tick: Neptune and Triton, photographed 5 times by Hubble Space Telescope, August 2002.

Note that Triton has a retrograde orbit, opposite to the direction of the planet’s spin. More gifs. More Neptune. More Triton.

Contrast decreased for reasons of art.

[From Proposal 9393].

Image credit: NASA/ESA/STScI. Animation: AgeOfDestruction.

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shannon: Surface of Mars, photographed by Mars Express, 28th October 2005.

Image runs from 63°S 205°E on the Terra Sirenum about 830 km due south to 78°S 205°E among the Ultima Scopuli. The crater seen in the 5th and 6th images is Reynolds (Osborne Reynolds, engineer & physicist, 1842-1912; see also: Reynolds number).

Composite of 3 visible light images for colour, and one monochrome image for detail. 

Image credit: ESA. Composite: AgeOfDestruction.

just a little heartache: Departing the Moon, photographed by Apollo 17, December 1972.

Showing the terminator on the lunar farside. The peaked crater at left is Tsiolkovskiy, again.

No date and time information attached to these images, but presumably just after escape from lunar orbit at midnight on the 16th.

Image credit: NASA/JSC/ASU. Animation: AgeOfDestruction.

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gwen: Surface of Mars, photographed by Mars Express, 22nd August 2007.

Image runs southwest from 71°S 56°E, just south of the Dorsa Brevia, to 80°S 34°E, just west of the Promethei Rupes; about 615 km. The dunes (dark blue) in the 4th image are inside Main Crater (Robert Main, astronomer, 1808-1878).

Composite of 3 visible light images for colour, and one monochrome image for detail. Colours are relative, not naturalistic.

Image credit: ESA. Composite: AgeOfDestruction.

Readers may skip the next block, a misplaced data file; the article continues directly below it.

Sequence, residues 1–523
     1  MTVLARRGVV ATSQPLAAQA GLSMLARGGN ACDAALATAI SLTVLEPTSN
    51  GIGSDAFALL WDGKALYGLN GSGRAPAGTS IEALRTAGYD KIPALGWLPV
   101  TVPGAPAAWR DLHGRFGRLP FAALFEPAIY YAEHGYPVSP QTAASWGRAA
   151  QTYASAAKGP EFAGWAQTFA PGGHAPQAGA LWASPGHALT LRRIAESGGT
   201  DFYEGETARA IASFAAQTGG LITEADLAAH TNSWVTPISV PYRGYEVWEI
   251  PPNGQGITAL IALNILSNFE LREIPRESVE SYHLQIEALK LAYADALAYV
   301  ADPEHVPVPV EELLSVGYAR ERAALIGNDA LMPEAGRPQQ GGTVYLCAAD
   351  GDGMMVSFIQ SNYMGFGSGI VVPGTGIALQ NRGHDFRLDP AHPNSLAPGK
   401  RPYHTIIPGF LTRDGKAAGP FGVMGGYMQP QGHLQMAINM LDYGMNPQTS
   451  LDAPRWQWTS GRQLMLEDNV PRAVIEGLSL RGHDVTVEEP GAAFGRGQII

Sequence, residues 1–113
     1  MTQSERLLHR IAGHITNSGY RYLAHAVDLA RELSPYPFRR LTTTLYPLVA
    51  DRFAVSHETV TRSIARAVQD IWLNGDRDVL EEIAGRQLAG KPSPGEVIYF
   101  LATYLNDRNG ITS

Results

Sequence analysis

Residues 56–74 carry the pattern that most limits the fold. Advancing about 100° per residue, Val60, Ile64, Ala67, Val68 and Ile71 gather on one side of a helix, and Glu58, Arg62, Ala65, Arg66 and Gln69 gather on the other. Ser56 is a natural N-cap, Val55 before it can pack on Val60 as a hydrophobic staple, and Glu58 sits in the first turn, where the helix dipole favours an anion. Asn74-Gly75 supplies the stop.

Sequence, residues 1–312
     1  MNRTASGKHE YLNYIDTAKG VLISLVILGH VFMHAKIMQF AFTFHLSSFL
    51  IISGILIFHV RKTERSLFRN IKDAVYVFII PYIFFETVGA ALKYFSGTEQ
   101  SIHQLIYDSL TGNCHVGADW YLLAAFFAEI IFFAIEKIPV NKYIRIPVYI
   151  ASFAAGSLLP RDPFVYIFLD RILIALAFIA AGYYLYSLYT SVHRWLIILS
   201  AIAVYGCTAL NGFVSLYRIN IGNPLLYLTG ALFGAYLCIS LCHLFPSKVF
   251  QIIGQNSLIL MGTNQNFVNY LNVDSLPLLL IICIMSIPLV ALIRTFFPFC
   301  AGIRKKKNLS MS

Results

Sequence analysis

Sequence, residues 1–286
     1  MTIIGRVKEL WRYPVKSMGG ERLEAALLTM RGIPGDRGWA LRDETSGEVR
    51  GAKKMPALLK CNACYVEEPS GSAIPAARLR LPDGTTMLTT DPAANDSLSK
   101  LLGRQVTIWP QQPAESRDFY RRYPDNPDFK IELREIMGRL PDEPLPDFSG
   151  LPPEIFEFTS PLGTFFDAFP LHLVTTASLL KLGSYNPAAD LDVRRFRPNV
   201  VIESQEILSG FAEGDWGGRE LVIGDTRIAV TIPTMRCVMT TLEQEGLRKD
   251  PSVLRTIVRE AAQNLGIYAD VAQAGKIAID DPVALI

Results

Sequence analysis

moth: Comet and solar corona, photographed by SOHO, April 2004.

Comet Bradfield (C/2004 F4) at and just after perihelion. This animation uses 23 images taken 17th-19th April, about one every two hours. At its closest, the comet was about 25 million km from the sun (16% of the Earth-Sun distance).

C/2004 F4 was discovered by William Bradfield, amateur astronomer and prolific comet hunter: The most prolific comet hunter of all was Jean-Louis Pons (1761-1831) with 37; the second William Robert Brooks (1844-1921) with 26; Bradfield has discovered 18.

The most prolific comet detecting instrument, incidentally, is SOHO, with more than 2,500 discoveries.  

Image credit: NASA/ESA/GSFC. Animation: AgeOfDestruction.

inanna: Venus, photographed 11 times by Venus Express, 20th March 2008.

Looking up at the south pole. The terminator (line between night and day) appears to move right; this is actually a result of the movement of the spacecraft. However, if you look closely, the clouds around the pole seem to move relative to the terminator. These images cover (precisely) 4 hours, and Venus’s atmosphere is usually said to rotate in 4 or 5 days (much faster than the turning of the planet itself), so we might expect to see the clouds move 12-15° around the pole during this gif.

From mission day 700. Images have been resized and the disc of the planet brightened.

Image credit: ESA. Animation: AgeOfDestruction.

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substitute: Surface of Mars, photographed by Mars Express, 31st May 2007.

84°S 280°E to 75°S 266°E; the top (southernmost) of the image shows the terminus of the Australe Scopuli, fading into Parva Planum.

The vivid violet areas at the bottom of the 3rd and 4th images are where the red channel was blown out; I used the infrared image for this, rather than the (visible) red light image because the latter was even more glitched.

Image credit: ESA. Composite: AgeOfDestruction.